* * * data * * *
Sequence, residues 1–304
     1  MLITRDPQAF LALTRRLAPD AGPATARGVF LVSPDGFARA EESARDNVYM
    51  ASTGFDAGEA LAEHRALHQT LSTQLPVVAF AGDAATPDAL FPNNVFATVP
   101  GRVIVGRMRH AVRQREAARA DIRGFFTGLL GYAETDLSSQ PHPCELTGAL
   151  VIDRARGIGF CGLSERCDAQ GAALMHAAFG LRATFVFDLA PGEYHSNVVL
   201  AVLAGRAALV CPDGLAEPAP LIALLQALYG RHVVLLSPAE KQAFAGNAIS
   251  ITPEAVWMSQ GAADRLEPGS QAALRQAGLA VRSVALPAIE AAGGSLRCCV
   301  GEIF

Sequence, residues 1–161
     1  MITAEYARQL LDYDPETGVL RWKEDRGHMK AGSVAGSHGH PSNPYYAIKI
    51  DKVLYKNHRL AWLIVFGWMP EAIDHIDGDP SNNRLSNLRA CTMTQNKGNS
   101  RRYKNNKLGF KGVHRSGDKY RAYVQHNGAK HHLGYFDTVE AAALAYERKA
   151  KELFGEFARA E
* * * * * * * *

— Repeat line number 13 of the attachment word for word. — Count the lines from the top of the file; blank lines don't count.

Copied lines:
   151  KELFGEFARA E